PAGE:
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14 Tech Specialties That May Soon Be Obsolete

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14 Tech Specialties That May Soon Be Obsolete

Those contemplating a career in technology often seek advice on the right path or expertise to consider. It’s a great decision – the technology sector is booming, so knowing what the industry needs right now improves the budding technologist’s options. When the job search started. Although there are many articles and news about technical specifications facing current or future shortage of qualified candidates, very little is known about those specifications which will soon disappear.

The fingers of the experts at the Forbes Technology Council are on the wrists of the technology industry and businesses and companies looking for any technical skills and knowledge—now and in the future—are being exhausted. Below, 14 of them share the technical highlights, which may soon go away.

1. Repeat Encryption

Useful and flexible low code/codeless solutions will soon be used in measurement for platform builders. Availability and integration of the best low-code/no-code solutions will be an important part of software engineers’ tools. As a result, there will be fewer jobs for those who were previously re-coded and in all functional areas. – Ann Marie Shastri, Amsit

2. Network Engineering

Network engineering was a difficult and very important role for any company. Network engineers set up the routers, gateways, and systems that connect all of a modern company’s computer systems. However, with the rise of cloud and network management automation, these roles are rarely needed and really won’t be needed anytime soon. – Sean Byrne, Outliers

3. Single Language Development

Software languages used to have a long life cycle, meaning that developers and software engineers could devote their entire lives to a software language and remain competitive. However, today we see the life cycles of these languages as decreasing over time. As a result, finding talented developers and engineers proficient in specific languages has become a real challenge as they have lost support. – Steve Cochran, ConnectWise

Managing data centers in traditional on-campus is out of date, so IT staff in those roles should now start prioritizing new specialized roles. Given the growing proliferation of the cloud, the future of information technology is focused on business analysis with data analytics and automation rather than “keeping the lights on”. – Jeffrey Dunn, Intervision

5. Remote IT Maintenance

Technically special remote ID maintenance next to the docking module – especially on the side. Companies place too many computers and storage at the edge of their networks and employees are unable to install, manage and update hardware on smaller platforms. Edge solutions must be managed by retail store clerks, facility managers or other non-technical staff. – Bruce Kornfield, Stormagic

6. Single Software Capability

Building a career as a solo software specialist is tough. Teams that work based on processors (eg CRM for sales, ERP for finance). Today, businesses use thousands of applications, so smart groups use integration and low-code automation to bridge the gap. Now, it’s less about a processor’s intuition and using all of your tools to solve major business challenges. – Rich Waltron, Tray.io

7. Infrastructure Engineering

Infrastructure engineers were common within companies as information technology departments sought critical management solutions. With Covit-19 came a massive and rapid transition to the cloud and with it began the destruction of infrastructure, which in the future will be limited to only major public cloud service and managed network providers. – Mark Brown, British Standards Institute (BSI)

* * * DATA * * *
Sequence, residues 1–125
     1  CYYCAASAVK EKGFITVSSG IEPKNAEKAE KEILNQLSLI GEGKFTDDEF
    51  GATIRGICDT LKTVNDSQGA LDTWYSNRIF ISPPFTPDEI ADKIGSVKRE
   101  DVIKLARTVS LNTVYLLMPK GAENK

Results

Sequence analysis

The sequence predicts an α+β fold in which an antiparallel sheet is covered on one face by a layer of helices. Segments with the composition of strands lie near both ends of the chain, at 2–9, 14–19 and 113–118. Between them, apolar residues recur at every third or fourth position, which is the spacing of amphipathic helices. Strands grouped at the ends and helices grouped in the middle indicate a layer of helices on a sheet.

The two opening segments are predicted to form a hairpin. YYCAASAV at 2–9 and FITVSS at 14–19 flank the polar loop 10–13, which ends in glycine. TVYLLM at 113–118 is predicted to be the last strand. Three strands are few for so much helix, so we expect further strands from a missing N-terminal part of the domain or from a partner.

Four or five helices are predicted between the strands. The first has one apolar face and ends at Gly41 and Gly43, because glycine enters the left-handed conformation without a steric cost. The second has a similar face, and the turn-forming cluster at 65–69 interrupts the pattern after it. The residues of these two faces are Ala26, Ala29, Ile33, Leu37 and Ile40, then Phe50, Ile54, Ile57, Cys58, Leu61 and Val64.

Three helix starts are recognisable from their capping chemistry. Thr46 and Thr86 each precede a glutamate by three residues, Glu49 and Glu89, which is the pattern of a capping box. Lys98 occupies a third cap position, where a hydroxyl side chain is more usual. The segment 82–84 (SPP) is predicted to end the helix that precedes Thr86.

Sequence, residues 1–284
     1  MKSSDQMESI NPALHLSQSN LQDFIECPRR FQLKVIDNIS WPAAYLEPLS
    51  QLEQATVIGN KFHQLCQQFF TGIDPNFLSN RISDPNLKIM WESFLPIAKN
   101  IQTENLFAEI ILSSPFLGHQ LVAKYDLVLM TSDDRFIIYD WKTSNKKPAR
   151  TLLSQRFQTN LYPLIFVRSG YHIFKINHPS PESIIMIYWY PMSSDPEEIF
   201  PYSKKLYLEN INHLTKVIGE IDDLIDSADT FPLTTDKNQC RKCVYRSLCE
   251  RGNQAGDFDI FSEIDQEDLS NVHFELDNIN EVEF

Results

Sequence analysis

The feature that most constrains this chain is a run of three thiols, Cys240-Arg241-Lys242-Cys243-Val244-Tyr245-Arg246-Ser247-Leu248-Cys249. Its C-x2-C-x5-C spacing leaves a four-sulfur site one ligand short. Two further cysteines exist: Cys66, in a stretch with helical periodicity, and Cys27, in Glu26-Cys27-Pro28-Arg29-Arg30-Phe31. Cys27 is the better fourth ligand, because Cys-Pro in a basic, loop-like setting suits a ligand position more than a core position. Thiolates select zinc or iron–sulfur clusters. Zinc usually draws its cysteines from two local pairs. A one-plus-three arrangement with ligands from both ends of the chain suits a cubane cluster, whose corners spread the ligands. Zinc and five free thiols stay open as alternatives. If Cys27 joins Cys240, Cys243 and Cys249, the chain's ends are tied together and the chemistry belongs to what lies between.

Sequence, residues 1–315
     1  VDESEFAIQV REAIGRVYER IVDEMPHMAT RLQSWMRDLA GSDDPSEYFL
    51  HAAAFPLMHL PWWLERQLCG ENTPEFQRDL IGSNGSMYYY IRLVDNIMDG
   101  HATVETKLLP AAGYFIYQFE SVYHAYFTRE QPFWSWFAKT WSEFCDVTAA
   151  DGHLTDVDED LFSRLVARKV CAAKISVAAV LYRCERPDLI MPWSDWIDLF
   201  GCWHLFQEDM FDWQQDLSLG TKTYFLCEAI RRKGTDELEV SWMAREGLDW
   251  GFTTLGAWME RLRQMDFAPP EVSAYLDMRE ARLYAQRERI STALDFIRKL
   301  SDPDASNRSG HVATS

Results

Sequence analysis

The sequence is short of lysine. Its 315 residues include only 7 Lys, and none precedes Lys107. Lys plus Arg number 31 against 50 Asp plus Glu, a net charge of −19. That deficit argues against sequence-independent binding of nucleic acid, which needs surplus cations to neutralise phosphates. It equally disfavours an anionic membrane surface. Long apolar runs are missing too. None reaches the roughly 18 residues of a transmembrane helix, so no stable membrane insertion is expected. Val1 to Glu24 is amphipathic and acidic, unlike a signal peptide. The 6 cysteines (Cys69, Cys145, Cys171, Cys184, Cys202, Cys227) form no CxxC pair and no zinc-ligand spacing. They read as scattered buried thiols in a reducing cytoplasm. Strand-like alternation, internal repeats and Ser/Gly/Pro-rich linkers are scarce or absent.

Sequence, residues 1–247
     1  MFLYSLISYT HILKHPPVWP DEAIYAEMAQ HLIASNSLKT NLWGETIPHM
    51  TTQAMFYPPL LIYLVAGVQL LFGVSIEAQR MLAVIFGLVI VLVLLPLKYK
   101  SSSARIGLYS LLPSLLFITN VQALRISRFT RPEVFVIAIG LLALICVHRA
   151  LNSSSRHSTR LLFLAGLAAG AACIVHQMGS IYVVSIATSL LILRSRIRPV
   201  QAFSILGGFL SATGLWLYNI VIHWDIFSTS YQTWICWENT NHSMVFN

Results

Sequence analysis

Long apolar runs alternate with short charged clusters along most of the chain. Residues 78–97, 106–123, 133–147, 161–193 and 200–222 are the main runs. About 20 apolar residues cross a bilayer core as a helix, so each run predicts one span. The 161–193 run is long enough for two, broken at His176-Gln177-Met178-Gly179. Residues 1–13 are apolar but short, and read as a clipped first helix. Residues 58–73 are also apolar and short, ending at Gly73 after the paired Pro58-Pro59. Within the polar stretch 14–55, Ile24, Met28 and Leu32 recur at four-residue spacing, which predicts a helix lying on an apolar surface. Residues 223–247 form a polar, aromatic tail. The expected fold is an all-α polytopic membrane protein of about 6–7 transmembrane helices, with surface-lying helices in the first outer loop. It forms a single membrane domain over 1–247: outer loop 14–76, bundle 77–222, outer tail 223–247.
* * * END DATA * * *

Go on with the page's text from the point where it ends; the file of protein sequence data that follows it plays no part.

8. SEO Optimization

I hope we see fewer and fewer individuals as “SEO experts”. There are a plethora of plug-ins and tools that business owners can use to upgrade their website quickly and easily. Sure, there will still be people working on search engine optimization, but it will quickly become a small part of a larger job. – Thomas Griffin, Eptine Monster

9. AI and ML. Development of

Self-service makes many technical specifications obsolete. Infrastructure services have been superseded by the cloud. Artificial intelligence and machine learning are the next technological features ripe for self-service disruption. These specialties cover a range of costly roles, including pre-processing, intake, sample selection, pipeline engineering and visualization. Cloud-based AutoML solutions have done these steps themselves and will soon become experts. – Ashok Balasubramaniam, Open Weaver Inc.

10. Pre-Final Web Development

Technical skills are always in high demand, but some traditional technical skills are beginning to establish themselves in today’s ecosystem. One technical feature I believe is front-end web development. As we move into the future, development services like Squarespace and Wix will evolve in a way that eliminates the need for a pre-development development team. –Mark Fisher, Talk Down Media LLC

11. System Administration

As cloud and software as a service solutions become a natural software delivery platform for businesses, the need for administrators and computer professionals will decrease. While technical support is an ever-evolving field, top level managers working within organizations need to move to other areas of information technology. – Michael Goodwin, On Server

12. Database Management

I can’t remember when was the last time I saw database admin job postings – we see more job opportunities for COBOL than DBAs. database management first b

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